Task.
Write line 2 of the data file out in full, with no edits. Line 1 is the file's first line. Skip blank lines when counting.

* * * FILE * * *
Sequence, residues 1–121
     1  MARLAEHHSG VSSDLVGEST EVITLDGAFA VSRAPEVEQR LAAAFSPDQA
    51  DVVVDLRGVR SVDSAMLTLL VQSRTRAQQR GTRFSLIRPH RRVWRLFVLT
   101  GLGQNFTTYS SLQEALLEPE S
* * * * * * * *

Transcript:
     1  MARLAEHHSG VSSDLVGEST EVITLDGAFA VSRAPEVEQR LAAAFSPDQA